The FDA, along with CDC, and state and local partners, is investigating a multistate outbreak of hepatitis A infections in the United States linked to fresh organic strawberries. These potentially contaminated strawberries were imported from Baja California, a state in northern Mexico, and branded as FreshKampo and HEB by a common supplier; they were purchased between March 5, 2022, and April 15, 2022. The Public Health Agency of CanadaExternal Link Disclaimer and the Canadian Food Inspection AgencyExternal Link Disclaimer are also investigating an outbreak of hepatitis A. Imported FreshKampo brand fresh organic strawberries have been identified as the likely source of the outbreak in Canada.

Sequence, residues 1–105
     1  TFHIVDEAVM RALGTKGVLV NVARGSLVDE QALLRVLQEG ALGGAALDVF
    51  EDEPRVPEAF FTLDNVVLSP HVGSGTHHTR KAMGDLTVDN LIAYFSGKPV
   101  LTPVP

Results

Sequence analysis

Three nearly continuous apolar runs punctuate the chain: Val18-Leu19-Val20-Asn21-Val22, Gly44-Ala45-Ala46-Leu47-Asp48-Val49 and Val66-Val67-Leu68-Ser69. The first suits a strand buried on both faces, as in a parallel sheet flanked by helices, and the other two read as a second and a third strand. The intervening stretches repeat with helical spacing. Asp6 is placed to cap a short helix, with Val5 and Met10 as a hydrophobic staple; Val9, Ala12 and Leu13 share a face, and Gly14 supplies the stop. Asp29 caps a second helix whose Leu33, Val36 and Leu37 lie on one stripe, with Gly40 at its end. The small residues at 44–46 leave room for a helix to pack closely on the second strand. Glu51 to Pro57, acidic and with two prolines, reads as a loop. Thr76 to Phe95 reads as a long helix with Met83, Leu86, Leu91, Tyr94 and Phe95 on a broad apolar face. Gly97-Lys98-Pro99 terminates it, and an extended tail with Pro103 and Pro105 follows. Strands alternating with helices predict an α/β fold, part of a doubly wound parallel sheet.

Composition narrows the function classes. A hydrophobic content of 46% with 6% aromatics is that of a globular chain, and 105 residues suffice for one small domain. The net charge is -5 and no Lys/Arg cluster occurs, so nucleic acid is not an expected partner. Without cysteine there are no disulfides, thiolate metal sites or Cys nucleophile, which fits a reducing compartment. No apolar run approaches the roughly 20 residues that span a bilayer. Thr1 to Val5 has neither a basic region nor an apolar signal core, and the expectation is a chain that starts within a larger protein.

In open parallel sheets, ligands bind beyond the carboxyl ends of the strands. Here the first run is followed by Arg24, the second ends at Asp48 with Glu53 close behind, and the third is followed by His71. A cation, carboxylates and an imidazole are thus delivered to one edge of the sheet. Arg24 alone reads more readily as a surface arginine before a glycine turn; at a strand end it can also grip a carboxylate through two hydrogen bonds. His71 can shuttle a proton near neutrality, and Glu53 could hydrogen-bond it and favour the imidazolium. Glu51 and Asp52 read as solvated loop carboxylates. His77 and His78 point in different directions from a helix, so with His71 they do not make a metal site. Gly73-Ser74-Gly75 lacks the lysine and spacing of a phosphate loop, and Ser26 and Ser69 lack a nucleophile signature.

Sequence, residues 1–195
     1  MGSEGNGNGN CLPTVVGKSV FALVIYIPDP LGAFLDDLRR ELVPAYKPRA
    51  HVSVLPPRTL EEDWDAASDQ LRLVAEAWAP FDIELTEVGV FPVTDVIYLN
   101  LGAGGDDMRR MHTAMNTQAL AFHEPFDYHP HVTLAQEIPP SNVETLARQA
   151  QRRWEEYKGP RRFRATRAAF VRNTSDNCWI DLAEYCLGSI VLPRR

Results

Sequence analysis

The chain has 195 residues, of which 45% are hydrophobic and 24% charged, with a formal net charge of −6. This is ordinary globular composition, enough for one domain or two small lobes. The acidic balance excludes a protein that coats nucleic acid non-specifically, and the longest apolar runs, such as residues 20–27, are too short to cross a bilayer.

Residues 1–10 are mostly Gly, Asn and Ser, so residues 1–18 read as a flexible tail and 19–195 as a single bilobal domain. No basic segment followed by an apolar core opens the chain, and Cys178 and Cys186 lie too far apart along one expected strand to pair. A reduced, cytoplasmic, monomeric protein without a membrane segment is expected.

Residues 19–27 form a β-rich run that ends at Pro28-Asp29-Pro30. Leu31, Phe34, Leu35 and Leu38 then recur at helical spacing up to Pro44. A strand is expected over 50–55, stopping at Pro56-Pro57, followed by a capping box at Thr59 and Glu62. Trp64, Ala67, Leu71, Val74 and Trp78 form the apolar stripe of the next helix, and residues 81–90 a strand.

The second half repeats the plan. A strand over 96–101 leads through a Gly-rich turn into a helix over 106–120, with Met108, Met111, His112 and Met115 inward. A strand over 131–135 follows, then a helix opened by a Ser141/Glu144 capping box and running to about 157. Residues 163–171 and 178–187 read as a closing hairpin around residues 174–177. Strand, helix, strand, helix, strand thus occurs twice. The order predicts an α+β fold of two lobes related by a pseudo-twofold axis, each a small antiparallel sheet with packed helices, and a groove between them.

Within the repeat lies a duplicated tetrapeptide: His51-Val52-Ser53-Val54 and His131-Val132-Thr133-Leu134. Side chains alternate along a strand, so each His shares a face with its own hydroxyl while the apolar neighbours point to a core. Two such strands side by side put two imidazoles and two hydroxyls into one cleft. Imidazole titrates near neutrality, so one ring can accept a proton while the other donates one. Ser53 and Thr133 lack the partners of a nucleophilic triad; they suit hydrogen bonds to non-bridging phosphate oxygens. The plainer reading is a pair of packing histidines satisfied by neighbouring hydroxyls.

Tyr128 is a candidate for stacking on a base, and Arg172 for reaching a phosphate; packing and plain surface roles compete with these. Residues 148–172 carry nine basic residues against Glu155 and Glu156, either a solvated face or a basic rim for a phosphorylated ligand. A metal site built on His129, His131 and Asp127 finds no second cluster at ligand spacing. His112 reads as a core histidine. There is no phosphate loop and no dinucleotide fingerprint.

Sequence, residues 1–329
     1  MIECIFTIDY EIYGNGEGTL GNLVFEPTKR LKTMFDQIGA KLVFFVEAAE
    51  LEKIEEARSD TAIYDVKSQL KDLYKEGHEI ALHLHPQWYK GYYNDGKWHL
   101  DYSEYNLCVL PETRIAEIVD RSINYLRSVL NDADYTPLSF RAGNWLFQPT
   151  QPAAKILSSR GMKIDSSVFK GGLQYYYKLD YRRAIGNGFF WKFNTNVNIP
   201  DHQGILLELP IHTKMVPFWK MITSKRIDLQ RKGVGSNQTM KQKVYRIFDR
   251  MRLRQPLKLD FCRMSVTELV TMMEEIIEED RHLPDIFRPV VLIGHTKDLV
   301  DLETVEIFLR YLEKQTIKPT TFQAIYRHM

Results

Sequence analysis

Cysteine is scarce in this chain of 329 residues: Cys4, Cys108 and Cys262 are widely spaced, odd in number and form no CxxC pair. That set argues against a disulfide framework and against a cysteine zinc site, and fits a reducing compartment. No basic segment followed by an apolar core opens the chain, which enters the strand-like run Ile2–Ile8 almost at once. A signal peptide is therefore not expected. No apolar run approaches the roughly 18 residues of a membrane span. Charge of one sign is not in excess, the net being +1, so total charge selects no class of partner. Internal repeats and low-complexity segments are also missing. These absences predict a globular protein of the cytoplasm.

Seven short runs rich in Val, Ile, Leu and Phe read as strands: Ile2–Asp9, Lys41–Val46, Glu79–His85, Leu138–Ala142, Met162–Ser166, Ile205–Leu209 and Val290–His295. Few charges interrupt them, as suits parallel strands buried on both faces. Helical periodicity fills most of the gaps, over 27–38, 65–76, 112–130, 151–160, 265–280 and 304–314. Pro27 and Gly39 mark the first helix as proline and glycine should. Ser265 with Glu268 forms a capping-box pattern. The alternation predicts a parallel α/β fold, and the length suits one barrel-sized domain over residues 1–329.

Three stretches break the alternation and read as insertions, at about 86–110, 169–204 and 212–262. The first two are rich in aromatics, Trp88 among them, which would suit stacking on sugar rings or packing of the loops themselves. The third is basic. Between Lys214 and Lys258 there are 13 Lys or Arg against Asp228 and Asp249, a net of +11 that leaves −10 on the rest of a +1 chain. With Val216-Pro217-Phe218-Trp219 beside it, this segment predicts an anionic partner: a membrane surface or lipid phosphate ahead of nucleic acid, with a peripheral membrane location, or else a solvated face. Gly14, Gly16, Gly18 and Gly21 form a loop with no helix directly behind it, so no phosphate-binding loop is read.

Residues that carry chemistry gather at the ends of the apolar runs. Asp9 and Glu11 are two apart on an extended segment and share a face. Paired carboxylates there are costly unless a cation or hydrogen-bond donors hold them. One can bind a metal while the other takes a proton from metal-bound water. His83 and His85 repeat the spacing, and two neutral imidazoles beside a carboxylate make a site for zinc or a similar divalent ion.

Currently, these imported fresh organic strawberries are past shelf life and are not available for purchase in stores. People who purchased these fresh organic strawberries between March 5, 2022, and April 15, 2022, and then froze those strawberries for later consumption, should not eat them. If you are unsure of what brand you purchased, when you purchased your strawberries, or where you purchased them from prior to freezing them, the strawberries should be thrown away.

The downstream product removal conducted by Urban Remedy and reported on June 10, 2022, is now considered a market withdrawal. It has been determined that the product was not made using implicated strawberries.

This investigation is ongoing and this advisory will be updated as more information becomes available.

Recommendation